Paperhouses interviews Jorge Ringenbach, Creative Commons in Mexico

Culture / Interview / Latin America / Open Source

Paperhouses interviews Jorge Ringenbach, partner at Fulton & Fulton and representative of Creative Commons in Mexico

Paperhouses – What made you as a lawyer and Fulton-Fulton as a firm advocate Creative Commons licenses?
Jorge Ringenbach – The project was a crossroad between electronic contracting and intelectual property. Since Leon Felipe Sanchez, my partner in Fulton & Fulton, and I were interested in both, we thougt it might be fun getting envolved.
The challenges and the network turned out to be a great place to learn about the issues of copyright in the digital age.

PH – How did CC Mexico come to existence?
JR – Initially we approached other people who showed interest before we did. We were then able to begin the draft of the Mexican licences together with other volunteers. Our first option for an affiliate institution was UNAM but the collaboration ended up being too bureaucratic for decision making so ultimately we used our law firm as the host institution.

PH – Who have been the users of the licenses?
JR – We were lucky we had many academics interested in those licences. They were the first to help us spread the uses of the licences. Then bloggers were also eager to explain creative commons to their audiences. Finally, came musicians and eventually many other artists looking for alternative ways to distribute their contents.

PH – What are the major projects in which CC Mexico is involved?
JR – The first commission was for the office of the president of Mexico, then Vicente Fox, then we worked for REDALYC, a repository of Open Access from the UAEM, and eventually many others became involved.

PH- What did you do for the office of the President?
JR – The administration of president Vicente Fox, and in particular the internet system of the presidency, adopted Creative Commons Licences for the distribution of all the content generated by the office. The announcement was made at an event by the officers in charge and Lawrence Lessig. That helped to spread the word and meaning of CC as well as the importance of the open culture in Mexico, particularly among public officers.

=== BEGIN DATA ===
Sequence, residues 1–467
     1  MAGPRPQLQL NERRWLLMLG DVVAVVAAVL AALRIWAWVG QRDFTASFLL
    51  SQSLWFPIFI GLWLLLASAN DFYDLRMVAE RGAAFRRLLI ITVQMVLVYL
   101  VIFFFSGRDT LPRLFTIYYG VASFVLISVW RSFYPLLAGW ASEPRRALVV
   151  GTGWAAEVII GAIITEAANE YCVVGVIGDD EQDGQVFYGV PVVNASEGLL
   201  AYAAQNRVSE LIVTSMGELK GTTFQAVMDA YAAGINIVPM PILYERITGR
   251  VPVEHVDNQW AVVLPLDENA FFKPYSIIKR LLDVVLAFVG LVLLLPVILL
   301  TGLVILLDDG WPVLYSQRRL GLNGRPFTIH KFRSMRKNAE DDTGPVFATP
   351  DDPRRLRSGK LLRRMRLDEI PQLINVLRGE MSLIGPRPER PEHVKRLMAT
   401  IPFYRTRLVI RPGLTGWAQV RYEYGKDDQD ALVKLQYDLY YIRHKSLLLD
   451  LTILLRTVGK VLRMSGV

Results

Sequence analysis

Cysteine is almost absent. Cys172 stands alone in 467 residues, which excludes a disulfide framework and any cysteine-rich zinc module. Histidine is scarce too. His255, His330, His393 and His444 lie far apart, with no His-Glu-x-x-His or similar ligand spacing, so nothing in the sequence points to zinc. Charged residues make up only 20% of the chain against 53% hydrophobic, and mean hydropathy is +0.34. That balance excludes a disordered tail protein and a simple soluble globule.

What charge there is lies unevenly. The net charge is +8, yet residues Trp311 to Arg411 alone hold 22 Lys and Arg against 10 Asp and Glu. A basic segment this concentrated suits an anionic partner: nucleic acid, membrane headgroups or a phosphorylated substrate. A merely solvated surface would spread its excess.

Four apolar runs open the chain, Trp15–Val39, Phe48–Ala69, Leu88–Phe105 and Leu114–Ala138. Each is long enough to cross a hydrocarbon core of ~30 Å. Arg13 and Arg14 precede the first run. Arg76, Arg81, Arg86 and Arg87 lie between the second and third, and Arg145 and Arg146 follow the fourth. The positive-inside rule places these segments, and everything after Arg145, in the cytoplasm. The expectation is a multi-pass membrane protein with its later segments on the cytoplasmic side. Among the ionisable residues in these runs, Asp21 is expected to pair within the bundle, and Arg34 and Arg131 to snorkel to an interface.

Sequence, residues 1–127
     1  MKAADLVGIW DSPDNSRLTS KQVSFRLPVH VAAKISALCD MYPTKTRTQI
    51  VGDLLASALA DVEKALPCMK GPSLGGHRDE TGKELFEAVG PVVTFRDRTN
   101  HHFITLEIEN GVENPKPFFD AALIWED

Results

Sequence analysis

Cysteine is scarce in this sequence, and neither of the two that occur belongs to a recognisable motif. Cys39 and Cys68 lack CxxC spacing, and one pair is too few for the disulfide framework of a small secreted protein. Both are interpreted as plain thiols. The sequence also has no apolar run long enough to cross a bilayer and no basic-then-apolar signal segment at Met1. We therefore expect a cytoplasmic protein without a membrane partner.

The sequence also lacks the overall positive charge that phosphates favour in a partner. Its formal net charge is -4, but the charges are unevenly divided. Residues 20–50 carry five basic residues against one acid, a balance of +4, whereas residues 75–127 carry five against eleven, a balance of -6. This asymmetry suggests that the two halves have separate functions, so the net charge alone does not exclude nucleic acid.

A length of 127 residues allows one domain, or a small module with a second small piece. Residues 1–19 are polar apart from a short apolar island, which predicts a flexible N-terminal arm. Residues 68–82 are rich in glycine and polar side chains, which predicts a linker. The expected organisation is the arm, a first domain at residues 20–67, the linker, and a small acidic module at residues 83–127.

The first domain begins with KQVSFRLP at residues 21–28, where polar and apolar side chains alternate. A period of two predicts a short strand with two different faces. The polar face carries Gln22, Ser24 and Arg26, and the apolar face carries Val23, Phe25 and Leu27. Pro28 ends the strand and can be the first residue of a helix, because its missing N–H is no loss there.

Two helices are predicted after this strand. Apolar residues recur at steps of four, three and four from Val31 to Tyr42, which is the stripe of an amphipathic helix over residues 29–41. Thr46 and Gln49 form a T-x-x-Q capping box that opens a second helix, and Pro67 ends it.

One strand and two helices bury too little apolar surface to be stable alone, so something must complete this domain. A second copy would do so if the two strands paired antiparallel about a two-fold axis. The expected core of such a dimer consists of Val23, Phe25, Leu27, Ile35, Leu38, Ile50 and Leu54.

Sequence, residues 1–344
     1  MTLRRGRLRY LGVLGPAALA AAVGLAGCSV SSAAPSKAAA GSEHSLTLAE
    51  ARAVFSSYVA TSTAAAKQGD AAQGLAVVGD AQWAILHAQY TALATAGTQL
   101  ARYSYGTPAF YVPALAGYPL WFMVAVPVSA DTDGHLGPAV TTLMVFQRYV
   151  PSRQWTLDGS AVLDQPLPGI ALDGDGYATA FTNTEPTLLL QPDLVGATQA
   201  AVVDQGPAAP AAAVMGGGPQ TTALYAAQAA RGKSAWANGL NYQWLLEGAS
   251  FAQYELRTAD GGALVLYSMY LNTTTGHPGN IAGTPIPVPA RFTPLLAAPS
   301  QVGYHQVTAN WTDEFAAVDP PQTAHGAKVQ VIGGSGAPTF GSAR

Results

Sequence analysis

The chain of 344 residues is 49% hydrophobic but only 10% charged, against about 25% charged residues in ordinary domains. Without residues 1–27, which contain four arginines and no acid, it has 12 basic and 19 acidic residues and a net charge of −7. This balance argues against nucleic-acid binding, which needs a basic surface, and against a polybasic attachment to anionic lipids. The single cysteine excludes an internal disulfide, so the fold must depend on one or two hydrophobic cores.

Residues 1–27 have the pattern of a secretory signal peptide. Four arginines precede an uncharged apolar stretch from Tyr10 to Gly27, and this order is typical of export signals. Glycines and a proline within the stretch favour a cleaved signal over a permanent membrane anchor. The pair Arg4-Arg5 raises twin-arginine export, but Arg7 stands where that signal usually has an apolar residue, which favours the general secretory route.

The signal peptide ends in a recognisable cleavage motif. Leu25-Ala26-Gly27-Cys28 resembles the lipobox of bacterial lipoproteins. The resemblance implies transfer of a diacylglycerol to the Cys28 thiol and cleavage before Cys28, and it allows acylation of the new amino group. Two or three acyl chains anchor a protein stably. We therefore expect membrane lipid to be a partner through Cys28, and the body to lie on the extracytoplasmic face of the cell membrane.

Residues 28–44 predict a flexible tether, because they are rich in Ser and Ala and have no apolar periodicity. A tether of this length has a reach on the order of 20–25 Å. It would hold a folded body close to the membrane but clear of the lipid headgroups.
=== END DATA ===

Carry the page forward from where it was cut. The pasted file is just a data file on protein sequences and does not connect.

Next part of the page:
PH – The question most professionals ask is  – what is my financial incentive for opening my work and using such a license? Can I still make money from a work I make available under a Creative Commons license?
Apparently that is the question the board asked CEO Elon Musk about opening Tesla's patents recently…  How would you encourage professionals and companies to embrace this movement?

JR – Educating users on the way IP law works is a first step towards bringing people to open culture. Free distribution helps artists gain audience. We have also seen examples where sharing content becomes an easier way to find comercial channels for work. In many ways the patent process is more reasonable than copyright because the time frame of protections has a shorter duration and therefore gives the society a better chance to benefit from work, giving the creators exclusive rights. Remember that creative commons begins due to a copyright term extension…

PH – Did the internet change the way copyright should be looked at?
JR – Yes and it is still changing the way it should be looked at. The main areas are distribution of artistic work and the roll of the middle man.

PH – How to you see the relationship between regulated professions – like yours, like architecture – and open source? What are the challenges and the virtues of opening specific knowledge like contracts or blueprints? 
JR – Often times, it is about helping others access knowledge in a more efficient way; for some it might be about explaining a better use of some techniques or materials. With the adoption of those materials and techniques comes a profit. In any case, that is for the market to resolve...

PH – Dozens of government bodies have adopted CC licensing and public domain tools for research, information and education or to provide feedback to public policy. What would you identify as critical areas for government adoption of cc licenses in Mexico and what would the social, cultural or economic consequences be?
JR – There is a public obligation in Mexico to communicate and to provide public information. The social consequence is that society can access that information and help build upon it and, in many cases, help correct it. People will participate more in the social and political dialogue if access to the information is easier.

PH – Where do you hope CC will be in the next 5 to 10 years? Are there any new directions for its immediate future?
JR – I think in many ways CC will continue to provide an alternative for culture and society in general but more importantly it will become a stronger reference in the way the law gets shaped in the future.

Jorge Luis Ringenbach Sanabria is a Mexican attorney in the practice of intellectual property. He is a partner to Fulton & Fulton, S.C. and a Legal Co-Leader of Creative Commons in Mexico. His efforts towards the Free Culture movement, open access and open source movement in Mexico have made him a key player of this movement.

Watch Jorge Ringenbach on Creative Commons in Latin America

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